In my prior posts, I looked at adding indexes with Database Engine Tuning Advisor. In this post, I will look at the other side of the coin and delete indexes that are unused or that cost more resources than they save.
Indexes primary use is to find records faster. This comes at a cost because the index must be modified whenever an insert or update occurs. This cost can be reduced by putting all of the indexes on a separate file group located on different physical spindles (drives) than the tables (I will show you how to do this in a later post).
I have recommend adding the recommended indexes until your ISV SQL Server database is within 5 percent of the maximum performance that Database Engine Tuning Advisor identifies. Getting the last 5 percent often means adding so many indexes that index maintenance consumes so many resources that you lose performance.
Transact-SQL (TSQL) statements will identify indexes that are expensive or unused. This detection of expensive indexes uses sampling. You want to have a significant sample of data to perform this on, so this is an good task for Friday evening if your server has been up all week. If your sample is very sparse, you might falsely conclude that some indexes are unused simply because your sample failed to include appropriate queries.
Finding Unused Indexes
Open SQL Server Management Studio located on the program menu.
Connect to the database and then paste the TSQL below. This will return the indexes (with associated tables) that are likely candidates for deletion. The TSQL looks for indexes that are updated but never used, the usage is recorded by these three columns:
SELECT TableName = OBJECT_NAME(s.[object_id]), SchemaName=SCHEMA_NAME(o.[schema_id]) ,IndexName = i.name ,user_updates ,i.is_primary_key FROM sys.dm_db_index_usage_stats s JOIN sys.objects O ON s.[object_id] = O.[object_id] JOIN sys.indexes i ON s.[object_id] = i.[object_id] AND s.index_id = i.index_id WHERE OBJECTPROPERTY(s.[object_id], 'IsMsShipped') = 0 -- Only ISV defined. AND user_seeks = 0 AND user_scans = 0 AND user_lookups = 0 AND i.name IS NOT NULL -- Ignore HEAP indexes. ORDER BY user_updates DESC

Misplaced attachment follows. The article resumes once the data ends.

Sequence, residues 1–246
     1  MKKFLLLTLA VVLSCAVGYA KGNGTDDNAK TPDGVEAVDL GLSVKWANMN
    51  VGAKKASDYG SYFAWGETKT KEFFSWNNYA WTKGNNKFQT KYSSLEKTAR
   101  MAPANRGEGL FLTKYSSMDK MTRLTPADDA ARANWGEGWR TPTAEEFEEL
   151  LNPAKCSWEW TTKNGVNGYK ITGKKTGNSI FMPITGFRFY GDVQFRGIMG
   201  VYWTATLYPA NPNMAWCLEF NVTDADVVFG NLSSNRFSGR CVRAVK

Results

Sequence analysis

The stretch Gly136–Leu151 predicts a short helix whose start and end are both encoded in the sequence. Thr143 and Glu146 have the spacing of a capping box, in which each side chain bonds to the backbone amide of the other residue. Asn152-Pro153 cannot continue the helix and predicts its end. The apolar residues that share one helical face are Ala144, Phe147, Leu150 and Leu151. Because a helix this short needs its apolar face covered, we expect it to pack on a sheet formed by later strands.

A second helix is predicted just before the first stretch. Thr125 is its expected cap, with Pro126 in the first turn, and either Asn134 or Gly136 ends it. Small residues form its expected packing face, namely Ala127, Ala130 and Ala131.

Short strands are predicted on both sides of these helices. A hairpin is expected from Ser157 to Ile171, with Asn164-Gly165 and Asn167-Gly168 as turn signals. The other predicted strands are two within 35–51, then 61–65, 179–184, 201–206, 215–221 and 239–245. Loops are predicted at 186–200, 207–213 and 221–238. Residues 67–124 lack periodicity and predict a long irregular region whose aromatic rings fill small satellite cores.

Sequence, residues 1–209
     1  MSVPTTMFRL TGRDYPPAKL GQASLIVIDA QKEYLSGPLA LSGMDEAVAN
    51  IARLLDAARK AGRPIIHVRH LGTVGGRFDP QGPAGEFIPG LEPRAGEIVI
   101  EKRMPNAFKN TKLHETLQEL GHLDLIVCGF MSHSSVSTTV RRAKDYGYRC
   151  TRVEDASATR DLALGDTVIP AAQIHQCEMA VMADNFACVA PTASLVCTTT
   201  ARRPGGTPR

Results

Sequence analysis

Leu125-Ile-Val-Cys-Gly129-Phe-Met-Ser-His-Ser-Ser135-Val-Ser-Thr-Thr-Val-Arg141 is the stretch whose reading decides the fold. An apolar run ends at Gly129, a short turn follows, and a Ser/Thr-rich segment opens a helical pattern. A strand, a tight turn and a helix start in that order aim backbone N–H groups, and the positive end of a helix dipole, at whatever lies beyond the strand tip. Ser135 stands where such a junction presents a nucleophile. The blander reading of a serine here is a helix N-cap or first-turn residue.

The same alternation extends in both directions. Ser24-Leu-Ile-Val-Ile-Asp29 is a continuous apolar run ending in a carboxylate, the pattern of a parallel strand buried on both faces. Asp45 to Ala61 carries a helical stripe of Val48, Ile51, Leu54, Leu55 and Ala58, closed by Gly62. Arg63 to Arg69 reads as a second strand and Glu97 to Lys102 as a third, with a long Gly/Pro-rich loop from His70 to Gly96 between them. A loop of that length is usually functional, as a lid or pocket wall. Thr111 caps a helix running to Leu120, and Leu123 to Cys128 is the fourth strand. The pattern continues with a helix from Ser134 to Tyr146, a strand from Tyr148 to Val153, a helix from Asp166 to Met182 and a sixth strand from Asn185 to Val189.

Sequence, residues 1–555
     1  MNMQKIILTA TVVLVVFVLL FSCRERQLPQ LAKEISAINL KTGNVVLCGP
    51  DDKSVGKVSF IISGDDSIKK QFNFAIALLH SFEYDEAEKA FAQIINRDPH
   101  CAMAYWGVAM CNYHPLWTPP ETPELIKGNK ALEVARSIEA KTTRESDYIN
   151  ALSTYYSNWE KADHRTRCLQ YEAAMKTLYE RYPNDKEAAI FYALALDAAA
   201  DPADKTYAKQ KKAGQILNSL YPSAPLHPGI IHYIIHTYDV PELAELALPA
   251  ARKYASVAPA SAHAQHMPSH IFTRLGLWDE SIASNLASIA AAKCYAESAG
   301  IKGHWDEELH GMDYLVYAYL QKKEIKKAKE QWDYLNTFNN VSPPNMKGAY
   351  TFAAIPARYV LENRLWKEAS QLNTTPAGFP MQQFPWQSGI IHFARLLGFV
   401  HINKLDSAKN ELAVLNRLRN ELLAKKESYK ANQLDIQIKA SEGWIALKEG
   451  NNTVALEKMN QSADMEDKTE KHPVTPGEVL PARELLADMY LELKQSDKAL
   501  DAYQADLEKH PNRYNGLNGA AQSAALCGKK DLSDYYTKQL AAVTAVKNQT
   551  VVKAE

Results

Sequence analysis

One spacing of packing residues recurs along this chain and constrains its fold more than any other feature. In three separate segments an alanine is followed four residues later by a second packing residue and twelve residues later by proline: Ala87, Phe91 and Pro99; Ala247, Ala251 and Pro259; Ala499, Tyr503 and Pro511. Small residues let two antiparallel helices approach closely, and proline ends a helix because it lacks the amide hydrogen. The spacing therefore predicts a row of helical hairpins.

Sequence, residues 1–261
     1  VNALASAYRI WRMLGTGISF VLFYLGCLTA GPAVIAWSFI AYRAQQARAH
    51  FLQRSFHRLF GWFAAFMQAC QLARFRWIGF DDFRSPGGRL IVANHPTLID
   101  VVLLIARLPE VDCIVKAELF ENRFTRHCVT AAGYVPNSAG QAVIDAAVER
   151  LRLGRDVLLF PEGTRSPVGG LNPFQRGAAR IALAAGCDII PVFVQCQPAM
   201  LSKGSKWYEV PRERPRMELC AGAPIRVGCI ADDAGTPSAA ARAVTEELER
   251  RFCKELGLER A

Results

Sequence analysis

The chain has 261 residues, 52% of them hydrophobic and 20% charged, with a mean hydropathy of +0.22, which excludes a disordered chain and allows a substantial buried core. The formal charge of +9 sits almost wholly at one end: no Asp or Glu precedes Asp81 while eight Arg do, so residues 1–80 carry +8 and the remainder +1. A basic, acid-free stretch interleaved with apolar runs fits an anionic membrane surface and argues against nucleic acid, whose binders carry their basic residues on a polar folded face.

This results in something like what is shown below.
There are a couple of important things to observe:
- Indexes that are primary keys [is_primary_key = 1] should not be deleted. Typically these keys determine the physical write order on the hard drives and impacts performance significantly.
- Indexes that contain ‘_dta_’ in their names are indexes that some prior data tuning advisor sessions have added. Some other indexes are now substituting for searches so they are now pure overhead without any benefit.
- Other indexes are either user or ISV created and are likely candidates for deletion. If an index has a small number of updates then I will usually leave it.
Reminder: Do when SQL Server has been up for a long time
With Trace Logs, you need to record each individual query to do the analysis. The above uses a system table, sys.dm_db_index_usage_stats, that keeps a running tally in memory that always happens. The key behaviors are:
- The information is based on the data since SQL Server started. (This determines your sample size)
- Run the above code after SQL Server has at least one week of data.
- If a table is not modified (updated), it will not be listed. To demonstrate this:
- Run the query.
- Stop SQL Server.
- Restart SQL Server.
- Rerun the query.
- You will get no records — No information means no action.
- Caution: If your server has automatic updates enabled, add “Analysis Monday Evening” to your calendar, just before “Patch Tuesday.” (Microsoft updates are typically released on Tuesday.)
Ready to Run Script Deleting Unused Indexes
The reality is that you may have dozens or hundreds of indexes to delete. To avoid carpal tunnel, I created the script below to delete any index identified above that:
- Is not a primary key
- Has user_updates count exceeding @Mincount .
- I suggest 10,000 as a reasonable number to use for a week’s activities.
DECLARE @MinCount int DECLARE @TableName nvarchar(max), @SchemaName nvarchar(max), @IndexName nvarchar(max), @Cmd nvarchar(max) SET @MinCount = 10000 -- Change as appropriate DECLARE PK_Cursor CURSOR FOR SELECT TableName = OBJECT_NAME(s.[object_id]), SchemaName=SCHEMA_NAME(o.[schema_id]) ,IndexName = i.name FROM sys.dm_db_index_usage_stats s JOIN sys.objects O ON s.[object_id] = O.[object_id] JOIN sys.indexes i ON s.[object_id] = i.[object_id] AND s.index_id = i.index_id WHERE OBJECTPROPERTY(s.[object_id], 'IsMsShipped') = 0 -- Only ISV defined. AND user_seeks = 0 AND user_scans = 0 AND user_lookups = 0 AND i.name IS NOT NULL -- Ignore HEAP indexes. AND user_updates > @MinCount AND is_primary_key = 0 ORDER BY user_updates DESC OPEN PK_Cursor; FETCH NEXT FROM PK_Cursor INTO @SchemaName,@TableName, @IndexName WHILE @@FETCH_STATUS = 0 BEGIN SET @CMD= 'DROP INDEX ['+@IndexName+'] ON ['+@SchemaName+'].['+@TableName+'] ' BEGIN TRY EXEC (@CMD) END TRY BEGIN CATCH SET @CMD='Error: '+@CMD END CATCH FETCH NEXT FROM PK_Cursor INTO @SchemaName,@TableName, @IndexName END; CLOSE PK_Cursor; DEALLOCATE PK_Cursor;
Summary of Index Tuning
In this series of posts, we added indexes using the Database Engine Tuning Advisor(DTA) and then identified indexes that are not actively being used. In our example, we found that some of the unused indexes were actually created by the DTA.
- Did DTA make a mistake?
- No, the recommendations were made assuming independence between the indexes, but indexes are often interacting (correlated).
- Is tuning a one time event?
- No, it is at least a once-a-year event, perhaps once-a-quarter initially. Workload and usage patterns constantly change and the indexes need to be adjusted for this changing pattern.